Sword and Sworcery


I took a look at the game we are discussing today in class, Superbrothers Sword and Sworcery. I have only completed the first session thus far, but I wanted to blog about that, and my experiences getting aquainted with the game. The first “place” the player finds himself is in this rather empty space with this terrible animation of a hilarious looking illustration of a “man” with a suit and tie on. He has these tiny little spindly, fibrous spider stick legs, which made me laugh out loud! The game has an interesting concept. The man in the suit and tie giving the gamer an introduction talks about the “adverse side effects” and “acute soul sickness” that have the potentional to influence the gamer upon exposure and playtime of Sword and Sworcery. As we enter this sort of beach scene we are among sheep and animals and various points of interest that we can narrow in on to get an explanation as to what they may mean. As we go through this process, I noticed that it is a very text oriented game, which rocks! It reminded me of Zork in terms of the text explanation, and a sort of innovative improvement of the interactive fiction and adventure text genres. And the language is so casual and modern, with a built in sense of humor to it, always chiming in, like the narrator in George of the Jungle.  There is a really sweet tweet option that you can use to tweet what they say and about the game as you play. How 2011!

I noticed that the setting of Sword and Sorcery had a lot of Asian influence. I also noticed how high the voice of our protagonist is, and when I looked more closely, that it resembled a chick! I probably completely spaced out and missed something, but is our main character a girl? Migi Taw is the Kingdom of the Cloud, which is where we are trying to embark to on this adventure.  The game is an enhanced play of the always pressing upward movement of SuperMario. I also saw similarities in it to One Chance. The game is so saturated in a music soundtrack like both, and uses that to convey the feel and portray the scene. Some of the challenges that must be faced in Session 1 are attempting to slay the Timberwolf type figure and the Grim Reaper. I know I am not the only person tickled with this game. I think it has the cutest sense of humor of any game we have played thus far this semester. The part where we have to go across the tongue-bridge into the cave that was a man’s head was the funniest thing ever! It was so rediculously great. I immediately thought of the song Crooked Teeth by Death Cab, if anyone catches that reference. It is as if, in this part of Session 1 that we have entered a hellish lair, where we must retrieve the Megatome otherwise known as the Burdensome Book. It is here that a huge Grim Reaper awakens with our disturbance and chases us. That was really scary– the way it glided so quickly after me! The music made everything so much more intense.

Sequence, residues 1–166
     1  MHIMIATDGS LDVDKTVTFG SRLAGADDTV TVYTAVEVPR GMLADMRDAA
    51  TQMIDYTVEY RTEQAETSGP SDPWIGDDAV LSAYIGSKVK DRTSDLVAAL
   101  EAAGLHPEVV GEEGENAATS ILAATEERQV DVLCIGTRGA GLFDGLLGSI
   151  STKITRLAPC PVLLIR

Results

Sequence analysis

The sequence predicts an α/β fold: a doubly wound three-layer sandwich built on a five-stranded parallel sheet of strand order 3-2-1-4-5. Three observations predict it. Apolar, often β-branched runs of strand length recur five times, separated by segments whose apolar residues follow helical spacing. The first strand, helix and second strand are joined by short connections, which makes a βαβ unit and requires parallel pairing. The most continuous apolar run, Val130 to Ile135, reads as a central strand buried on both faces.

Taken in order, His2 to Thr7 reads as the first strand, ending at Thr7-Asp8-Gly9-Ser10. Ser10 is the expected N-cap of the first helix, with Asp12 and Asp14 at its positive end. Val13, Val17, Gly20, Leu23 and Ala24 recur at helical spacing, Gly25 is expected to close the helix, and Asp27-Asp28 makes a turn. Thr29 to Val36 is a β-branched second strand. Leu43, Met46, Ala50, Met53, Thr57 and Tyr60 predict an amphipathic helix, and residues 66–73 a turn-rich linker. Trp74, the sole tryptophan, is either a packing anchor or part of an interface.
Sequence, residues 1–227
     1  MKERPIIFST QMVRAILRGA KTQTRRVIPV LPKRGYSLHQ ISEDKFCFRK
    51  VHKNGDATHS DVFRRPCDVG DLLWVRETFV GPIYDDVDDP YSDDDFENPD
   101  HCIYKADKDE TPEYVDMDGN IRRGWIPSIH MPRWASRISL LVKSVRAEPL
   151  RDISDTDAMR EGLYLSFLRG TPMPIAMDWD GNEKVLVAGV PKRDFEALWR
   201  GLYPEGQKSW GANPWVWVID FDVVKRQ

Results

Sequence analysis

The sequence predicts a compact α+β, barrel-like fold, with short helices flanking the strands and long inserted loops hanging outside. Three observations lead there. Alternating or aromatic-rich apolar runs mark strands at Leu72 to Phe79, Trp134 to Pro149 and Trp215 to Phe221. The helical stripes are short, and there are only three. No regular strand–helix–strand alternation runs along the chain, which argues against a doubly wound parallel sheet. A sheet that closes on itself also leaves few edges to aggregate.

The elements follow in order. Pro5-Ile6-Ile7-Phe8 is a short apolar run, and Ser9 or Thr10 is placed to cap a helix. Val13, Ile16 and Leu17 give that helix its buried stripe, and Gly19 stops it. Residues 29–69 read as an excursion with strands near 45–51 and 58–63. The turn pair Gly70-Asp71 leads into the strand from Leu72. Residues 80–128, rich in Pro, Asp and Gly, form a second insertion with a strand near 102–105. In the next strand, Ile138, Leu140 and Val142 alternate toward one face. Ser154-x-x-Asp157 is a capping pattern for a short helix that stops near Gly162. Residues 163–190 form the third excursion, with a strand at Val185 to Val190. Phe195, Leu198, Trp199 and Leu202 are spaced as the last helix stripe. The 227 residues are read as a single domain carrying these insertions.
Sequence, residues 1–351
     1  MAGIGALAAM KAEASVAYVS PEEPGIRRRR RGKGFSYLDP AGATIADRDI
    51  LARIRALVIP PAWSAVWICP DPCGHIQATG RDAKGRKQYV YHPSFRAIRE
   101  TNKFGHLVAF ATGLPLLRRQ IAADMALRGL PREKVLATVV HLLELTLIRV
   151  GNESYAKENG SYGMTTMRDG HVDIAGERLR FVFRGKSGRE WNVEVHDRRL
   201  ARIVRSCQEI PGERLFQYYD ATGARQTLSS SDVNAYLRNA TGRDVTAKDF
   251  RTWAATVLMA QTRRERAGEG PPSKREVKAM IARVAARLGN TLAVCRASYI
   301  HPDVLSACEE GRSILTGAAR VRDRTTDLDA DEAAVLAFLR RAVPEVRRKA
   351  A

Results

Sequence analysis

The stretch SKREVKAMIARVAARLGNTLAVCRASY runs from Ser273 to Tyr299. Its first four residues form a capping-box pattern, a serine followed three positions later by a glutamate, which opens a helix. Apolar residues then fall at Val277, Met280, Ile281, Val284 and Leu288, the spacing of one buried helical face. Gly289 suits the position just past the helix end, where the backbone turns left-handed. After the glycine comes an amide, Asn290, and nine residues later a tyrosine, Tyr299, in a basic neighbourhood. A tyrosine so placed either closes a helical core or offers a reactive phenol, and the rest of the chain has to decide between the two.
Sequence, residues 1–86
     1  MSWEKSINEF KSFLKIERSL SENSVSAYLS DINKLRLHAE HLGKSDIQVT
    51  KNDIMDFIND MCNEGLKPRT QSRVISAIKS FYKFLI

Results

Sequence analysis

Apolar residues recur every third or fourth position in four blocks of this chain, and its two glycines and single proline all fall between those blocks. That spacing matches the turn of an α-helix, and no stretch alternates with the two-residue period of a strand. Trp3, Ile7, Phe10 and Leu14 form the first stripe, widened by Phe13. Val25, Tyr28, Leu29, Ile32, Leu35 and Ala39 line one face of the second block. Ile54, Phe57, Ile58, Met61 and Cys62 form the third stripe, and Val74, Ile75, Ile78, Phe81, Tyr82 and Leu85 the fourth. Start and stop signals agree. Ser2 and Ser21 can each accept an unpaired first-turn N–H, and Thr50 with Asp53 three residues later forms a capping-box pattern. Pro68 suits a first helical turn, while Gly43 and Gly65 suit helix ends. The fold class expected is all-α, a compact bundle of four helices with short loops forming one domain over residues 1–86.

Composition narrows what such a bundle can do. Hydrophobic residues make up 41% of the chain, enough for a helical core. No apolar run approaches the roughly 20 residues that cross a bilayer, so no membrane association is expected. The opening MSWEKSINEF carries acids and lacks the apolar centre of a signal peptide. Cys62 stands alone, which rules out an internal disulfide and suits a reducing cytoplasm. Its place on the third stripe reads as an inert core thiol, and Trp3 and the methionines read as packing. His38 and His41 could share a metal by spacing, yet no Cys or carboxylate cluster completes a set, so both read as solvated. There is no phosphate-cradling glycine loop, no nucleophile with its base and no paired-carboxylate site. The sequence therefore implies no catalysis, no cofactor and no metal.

At the end of Session 1, we return to the village in a thunderstorm. We come through the gate of the village and Longfellow closes the gate behind us. There is definitely the sense that protection is needed. When we arrive inside his hut, we take out the Megatome and it becomes this great record that rises above inidcating completion of Session 1, and then the gamer is transported back to the room with the man with the suit and tie! Quite charming! The other thing I did, when I was checking out their website was look at what they called the “Audience Calibration Procedure”. It was about 1 minute 40 seconds long I believe, and it was like a trailer to Sword and Sworcery. But to me, that was just as funny as the game! It reminded me of a South Park saga, meant to be so rediculously dramatic and intense, yet it is such simple animation, which makes it so hysterical. Ultimately, with so many connections and references to today’s technology uses in the game, I think it might make a crack at poking fun at that too!